Habitat Dallas Changes Lives

Bank of America partnership promotes homeownership, pride

What’s Nekemia Brown’s favorite space in the Habitat for Humanity home she bought in 2020?

Nekemia Brown and her daughter. (Photo: Courtesy Nekemia Brown)

“My closet, because I have a lot of shoes,” she told representatives of Dallas Area Habitat for Humanity in July of that year as she stood outside with a rental moving truck in her new driveway.

“For me, owning a home, it makes me feel more family-oriented,” she said, holding the flowers they brought. “I can relax and spend family time with my daughters and my dogs.”

The Browns and nine other families can credit, in part, their houses to a 20-year-old partnership between the Dallas Area Habitat for Humanity and Bank of America Dallas.

“Bank of America has been especially meaningful to us because they’ve graciously given to Habitat’s mission for two decades,” said Dallas Habitat CEO Dave Crawford. “This type of commitment of an entire organization of people has allowed us to make real progress in transforming lives and communities in Dallas/Fort Worth.”

While sponsoring the 10 Habitat home builds, the bank has provided countless hours of HUD-certified financial education courses to hundreds of Dallas families, nearly 12,000 volunteer hours, and more than $750,000 to the agency.

“It has been an honor to work with Habitat to advance economic mobility in our community through financial literacy education and advance our shared mission of increasing access to affordable housing,” said bank president Jennifer Chandler. “And we look forward to our continued partnership.”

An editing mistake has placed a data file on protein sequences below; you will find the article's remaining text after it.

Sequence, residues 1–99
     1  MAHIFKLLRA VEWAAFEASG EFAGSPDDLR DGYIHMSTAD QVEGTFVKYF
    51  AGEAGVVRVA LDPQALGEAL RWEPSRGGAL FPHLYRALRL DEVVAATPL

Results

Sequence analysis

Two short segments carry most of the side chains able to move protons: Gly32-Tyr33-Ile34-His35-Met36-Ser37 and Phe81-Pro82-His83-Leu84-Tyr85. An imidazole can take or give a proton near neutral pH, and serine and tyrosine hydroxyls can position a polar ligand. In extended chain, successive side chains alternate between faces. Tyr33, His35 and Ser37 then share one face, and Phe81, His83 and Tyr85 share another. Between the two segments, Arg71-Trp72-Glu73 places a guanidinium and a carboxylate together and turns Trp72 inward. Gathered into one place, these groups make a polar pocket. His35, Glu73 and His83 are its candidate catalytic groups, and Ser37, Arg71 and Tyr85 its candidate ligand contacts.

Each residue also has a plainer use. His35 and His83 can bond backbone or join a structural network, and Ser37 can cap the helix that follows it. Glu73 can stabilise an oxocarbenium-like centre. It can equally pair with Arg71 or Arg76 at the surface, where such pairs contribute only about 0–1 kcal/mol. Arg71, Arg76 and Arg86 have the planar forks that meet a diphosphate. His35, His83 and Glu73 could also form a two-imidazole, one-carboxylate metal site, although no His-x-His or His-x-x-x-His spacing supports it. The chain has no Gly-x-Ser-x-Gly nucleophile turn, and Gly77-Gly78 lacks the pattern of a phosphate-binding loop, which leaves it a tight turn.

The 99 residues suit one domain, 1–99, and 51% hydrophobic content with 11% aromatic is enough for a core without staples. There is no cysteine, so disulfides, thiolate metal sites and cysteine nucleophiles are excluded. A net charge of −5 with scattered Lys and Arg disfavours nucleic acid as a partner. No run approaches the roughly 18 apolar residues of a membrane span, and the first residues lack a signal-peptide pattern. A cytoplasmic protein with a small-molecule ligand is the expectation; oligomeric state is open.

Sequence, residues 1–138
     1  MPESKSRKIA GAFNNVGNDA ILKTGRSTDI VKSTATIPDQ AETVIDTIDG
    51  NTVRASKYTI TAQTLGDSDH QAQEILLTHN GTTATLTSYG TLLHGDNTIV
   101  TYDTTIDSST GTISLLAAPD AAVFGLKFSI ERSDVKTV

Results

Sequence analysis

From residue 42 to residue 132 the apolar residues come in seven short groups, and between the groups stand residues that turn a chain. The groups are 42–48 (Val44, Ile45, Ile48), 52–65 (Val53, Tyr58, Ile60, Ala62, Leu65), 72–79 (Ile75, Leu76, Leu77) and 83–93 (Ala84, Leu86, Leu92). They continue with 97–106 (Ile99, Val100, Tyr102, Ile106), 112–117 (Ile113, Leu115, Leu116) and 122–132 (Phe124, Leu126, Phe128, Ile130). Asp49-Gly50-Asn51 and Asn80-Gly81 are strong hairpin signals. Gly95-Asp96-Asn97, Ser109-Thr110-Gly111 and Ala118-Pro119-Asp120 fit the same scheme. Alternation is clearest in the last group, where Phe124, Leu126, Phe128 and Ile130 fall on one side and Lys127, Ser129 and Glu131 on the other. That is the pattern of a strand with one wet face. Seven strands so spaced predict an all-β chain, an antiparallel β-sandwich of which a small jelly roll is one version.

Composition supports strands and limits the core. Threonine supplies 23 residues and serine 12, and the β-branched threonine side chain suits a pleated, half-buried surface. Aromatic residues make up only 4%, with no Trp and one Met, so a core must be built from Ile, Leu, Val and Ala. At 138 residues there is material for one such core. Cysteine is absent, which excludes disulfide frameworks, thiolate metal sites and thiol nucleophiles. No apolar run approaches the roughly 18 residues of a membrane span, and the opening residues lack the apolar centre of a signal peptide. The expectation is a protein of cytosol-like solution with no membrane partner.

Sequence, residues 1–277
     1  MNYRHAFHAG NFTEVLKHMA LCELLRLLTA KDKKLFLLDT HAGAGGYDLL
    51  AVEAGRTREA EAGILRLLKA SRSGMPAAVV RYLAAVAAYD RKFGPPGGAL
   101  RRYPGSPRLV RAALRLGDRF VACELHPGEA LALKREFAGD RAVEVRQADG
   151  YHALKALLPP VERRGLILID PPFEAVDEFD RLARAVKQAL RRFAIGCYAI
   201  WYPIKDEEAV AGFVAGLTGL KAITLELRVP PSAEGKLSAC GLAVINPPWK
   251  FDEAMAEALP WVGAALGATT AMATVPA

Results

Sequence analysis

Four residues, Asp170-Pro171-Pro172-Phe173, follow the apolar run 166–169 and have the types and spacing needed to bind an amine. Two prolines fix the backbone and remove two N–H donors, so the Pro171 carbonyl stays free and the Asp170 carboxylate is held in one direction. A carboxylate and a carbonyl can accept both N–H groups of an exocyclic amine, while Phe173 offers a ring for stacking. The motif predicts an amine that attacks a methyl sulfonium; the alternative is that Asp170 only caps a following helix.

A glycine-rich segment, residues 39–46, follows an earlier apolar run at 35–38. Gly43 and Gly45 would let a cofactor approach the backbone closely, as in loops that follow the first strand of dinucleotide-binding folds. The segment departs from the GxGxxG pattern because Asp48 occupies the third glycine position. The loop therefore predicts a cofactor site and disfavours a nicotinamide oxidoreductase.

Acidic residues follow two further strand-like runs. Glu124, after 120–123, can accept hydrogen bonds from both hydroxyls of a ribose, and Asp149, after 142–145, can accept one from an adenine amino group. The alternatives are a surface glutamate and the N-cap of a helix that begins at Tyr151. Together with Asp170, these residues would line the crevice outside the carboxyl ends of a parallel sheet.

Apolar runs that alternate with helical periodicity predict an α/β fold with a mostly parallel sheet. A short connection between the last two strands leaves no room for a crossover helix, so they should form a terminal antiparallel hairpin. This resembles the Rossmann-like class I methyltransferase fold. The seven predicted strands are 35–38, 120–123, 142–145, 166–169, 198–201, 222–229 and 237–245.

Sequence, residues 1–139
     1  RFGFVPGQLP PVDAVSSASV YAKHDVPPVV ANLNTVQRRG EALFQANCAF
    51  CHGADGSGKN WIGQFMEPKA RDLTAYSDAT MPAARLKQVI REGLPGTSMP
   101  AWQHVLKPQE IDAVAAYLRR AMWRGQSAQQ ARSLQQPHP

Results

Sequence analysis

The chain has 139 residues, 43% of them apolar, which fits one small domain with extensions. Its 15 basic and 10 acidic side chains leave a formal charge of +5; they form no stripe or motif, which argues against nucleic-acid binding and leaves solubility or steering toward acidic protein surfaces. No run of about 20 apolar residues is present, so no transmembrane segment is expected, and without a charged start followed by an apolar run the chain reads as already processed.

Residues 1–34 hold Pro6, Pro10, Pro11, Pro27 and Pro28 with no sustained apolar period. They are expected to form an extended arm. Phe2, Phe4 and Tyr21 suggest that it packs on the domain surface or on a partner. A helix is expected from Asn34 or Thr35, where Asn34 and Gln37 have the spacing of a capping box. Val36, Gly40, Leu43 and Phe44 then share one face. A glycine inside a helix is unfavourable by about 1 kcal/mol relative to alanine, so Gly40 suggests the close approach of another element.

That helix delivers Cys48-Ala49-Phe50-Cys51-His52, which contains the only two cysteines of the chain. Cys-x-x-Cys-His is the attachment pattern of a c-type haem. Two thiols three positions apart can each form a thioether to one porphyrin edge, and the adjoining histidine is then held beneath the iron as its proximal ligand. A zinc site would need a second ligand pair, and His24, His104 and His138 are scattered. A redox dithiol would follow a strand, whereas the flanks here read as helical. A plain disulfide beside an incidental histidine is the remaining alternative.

Dallas Habitat serves families making between 25% and 60% of the area’s median income who demonstrate need, ability to pay, and willingness to partner with the agency, according to dallasareahabitat.org.

Partnering includes taking advantage of Habitat’s educational programs that cover such topics as finances, budgeting, and home maintenance. Clients also contribute “sweat equity” to the construction of their homes and the homes of their neighbors.

The model allows Habitat to guarantee mortgage payments won’t exceed 30% of a family’s monthly income at the time of closing.

Brown managed to complete that project during the pandemic and thanked Habitat leaders and volunteers for that. “You were always rooting for me.”

She described homeownership as life-changing for her family. It has allowed them to host New Year’s with loved ones, dedicate space for exercise, and plant a flower garden – all in the West Dallas neighborhood where she grew up.

“It means so much for me to grow up in this neighborhood and to see how much you guys invest to make it safer, nicer,” she told her friends from Dallas Habitat. “To me, it changed some of the people who live in the neighborhood because it makes it calmer.”

William Taylor

William Taylor, editor of Park Cities People and Preston Hollow People, shares a name and a birthday with his dad and a love for community journalism with his colleagues at People Newspapers. He joined the staff in 2016 after more than 25 years working for daily newspapers in such places as Alexandria, Louisiana; Baton Rouge; McKinney; San Angelo; and Sherman, though not in anywhere near that order. A city manager once told him that “city government is the best government” because of its potential to improve the lives of its residents. William still enjoys covering municipal government and many other topics. Follow him on Twitter @Seminarydropout. He apologizes in advance to the Joneses for any angry Tweets that might slip out about the Dallas Cowboys during the NFL season. You also can reach him at [email protected]. For the latest news, click here to sign up for our newsletter.

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